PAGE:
Huawei decision tests Samsung's wisdom
Timely support to help firm regain fame, market share in China market
Published: Aug 21, 2020 06:48 PM

Consumers pick up phones at a Samsung booth in a shopping mall. Photo: IC

Samsung can make a wise choice and maintain its cooperation with Huawei amidst the US chip ban, as the firm, which has been "deeply" relying upon China, can take this opportunity to regain its market share by "supporting" Huawei, especially when a visit to South Korea by a senior Chinese diplomat sends positive signs for bilateral ties, observers said.

The South Korean tech giant should also weigh whether it could afford plunging revenue if Huawei, one of the major purchasers of its memory products, turns its back on the company, analysts said.

Yang Jiechi, director of the Office of the Foreign Affairs Commission of the CPC Central Committee, will consult with officials in the South Korean city of Pusan from Friday to Saturday, at the invitation of Suh Hoon, South Korea's top national security adviser.

The ongoing high-level exchange also comes as the technology confrontation between China and the US becomes more intense, with some forecasting that issues such as Huawei could be included in the agenda, as South Korea holds an important position in the global semiconductor industrial chain.

South Korea maintains a very close economic relationship with China, and the country's economic development is closely intertwined with China's industrial chain in every way, Ma Jihua, a veteran industry analyst, told the Global Times on Friday, indicating that any blow felt by China could also be felt by South Korean firms in the semiconductor sector.

In April, while many countries in the world still imposed tight border restrictions, China and South Korea established a personnel exchange "fast passage" to maintain trade cooperation and ensure the supply chain remained open between the two countries amid the COVID-19 pandemic, reflecting the close economic ties between the two neighbors.

Even as the US intensifies its bans, it's possible the two countries, and also Huawei and Samsung, may still cooperate in some "low-profile" way, Ma said.

The US Department of Commerce on Monday issued a new rule that would prevent Huawei from acquiring chips developed or produced using US technology and software, in a move that analysts said essentially cuts off supplies of key components for its smartphones. The new rule was an extension of an earlier ban imposed in May that prevents companies using US technology and software to make chips designed by Huawei.

If Samsung could help Huawei get through these difficult times "in some way," the South Korean firm could greatly improve its prestige and regain its lost fame in the Chinese market, experts noted.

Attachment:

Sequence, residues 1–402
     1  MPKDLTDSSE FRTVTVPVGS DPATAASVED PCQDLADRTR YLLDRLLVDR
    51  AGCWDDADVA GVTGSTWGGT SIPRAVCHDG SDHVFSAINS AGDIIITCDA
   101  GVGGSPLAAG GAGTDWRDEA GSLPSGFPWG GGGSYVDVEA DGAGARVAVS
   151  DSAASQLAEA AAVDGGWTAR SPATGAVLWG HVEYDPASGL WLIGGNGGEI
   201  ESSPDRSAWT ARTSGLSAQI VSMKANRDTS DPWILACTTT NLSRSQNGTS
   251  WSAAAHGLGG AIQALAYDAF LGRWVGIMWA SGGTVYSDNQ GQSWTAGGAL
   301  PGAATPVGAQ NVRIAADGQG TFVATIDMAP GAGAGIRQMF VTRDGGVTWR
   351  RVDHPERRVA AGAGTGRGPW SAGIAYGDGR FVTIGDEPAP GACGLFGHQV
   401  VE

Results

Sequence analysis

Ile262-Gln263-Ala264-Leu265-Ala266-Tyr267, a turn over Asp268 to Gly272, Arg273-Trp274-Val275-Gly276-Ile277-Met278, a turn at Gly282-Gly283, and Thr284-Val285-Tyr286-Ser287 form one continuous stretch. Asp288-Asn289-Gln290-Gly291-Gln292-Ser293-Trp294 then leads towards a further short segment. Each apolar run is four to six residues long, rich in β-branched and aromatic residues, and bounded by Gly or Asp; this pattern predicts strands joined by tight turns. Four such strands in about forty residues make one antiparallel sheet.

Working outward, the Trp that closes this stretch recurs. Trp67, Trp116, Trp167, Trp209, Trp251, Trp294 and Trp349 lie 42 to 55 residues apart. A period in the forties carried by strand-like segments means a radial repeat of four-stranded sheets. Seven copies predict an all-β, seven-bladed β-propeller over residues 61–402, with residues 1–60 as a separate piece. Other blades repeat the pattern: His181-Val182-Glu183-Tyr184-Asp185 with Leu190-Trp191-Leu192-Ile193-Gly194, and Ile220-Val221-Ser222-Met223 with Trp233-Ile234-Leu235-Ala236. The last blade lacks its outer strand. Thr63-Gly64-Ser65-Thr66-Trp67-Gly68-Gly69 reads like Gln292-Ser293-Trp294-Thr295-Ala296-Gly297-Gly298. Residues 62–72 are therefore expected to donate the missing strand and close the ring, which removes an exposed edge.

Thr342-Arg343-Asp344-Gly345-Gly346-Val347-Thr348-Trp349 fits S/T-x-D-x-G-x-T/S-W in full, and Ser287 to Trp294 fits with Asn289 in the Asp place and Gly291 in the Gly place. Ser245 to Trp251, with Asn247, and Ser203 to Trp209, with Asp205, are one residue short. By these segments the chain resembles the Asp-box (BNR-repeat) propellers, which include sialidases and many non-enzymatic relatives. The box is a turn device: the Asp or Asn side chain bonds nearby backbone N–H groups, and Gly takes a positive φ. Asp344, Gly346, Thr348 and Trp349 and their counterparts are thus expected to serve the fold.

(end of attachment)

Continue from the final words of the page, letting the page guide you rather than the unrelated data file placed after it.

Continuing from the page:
China represents over 70 percent of Huawei's smartphone shipments, while Samsung's only has a one percent market share in China, and is far more exposed to markets that are still being damaged by the pandemic, including Brazil, India, the US and Europe, Canalys, a market analyst firm, said.

When China first proposed its own 3G standard, the TD-SCDMA in 2008, Samsung, the world's third largest smartphone maker at the time, stepped out and voiced its support while others turned a blind eye. It has since occupied a rising smartphone market share and improved its brand awareness in the Chinese and international markets.

The growing momentum came to a halt after South Korea installed the remaining launchers of the US anti-missile Terminal High Altitude Area Defense (THAAD) system in 2017, which China strongly opposed and led to cooling ties. 

"Samsung can also make the right choice this time," Ma said.

Samsung has not responded to an interview request from the Global Times as of press time on Friday.

Although it's still not yet clear how the amended restrictions will affect major South Korean suppliers such as Samsung and SK Hynix's relationship with Huawei, cutting off the supply chain would come at a huge cost, as both tech firms fetch about 10 trillion won ($8.4 billion) annually by supplying DRAM and NAND flash to the Chinese tech giant, local media reported.

Huawei has been one of Samsung's top-five sources of revenue.

"Unlike chips, Chinese firms have already done a good job in the memory sector, but if a big customer like Huawei turns its back on domestic firms, it would create a chance for domestic memory firms," an industry player, who asked to remain anonymous, told the Global Times on Friday. 

"Chinese memory firms were caught in a development dilemma as their South Korean counterparts have occupied global dominance for a long time," the person said, noting that he's confident the domestic industry could result in products "as good as those made by Samsung." 

South Korean firms would regret the choice if they are made to follow the US and leave such a "big pie" to domestic Chinese players, said the industry player.

In the global DRAM market, except for the three giants, namely, Samsung, SK Hynix and Micron, other manufacturers account for only five percent, according to a report from TrendForce sent to the Global Times on Friday.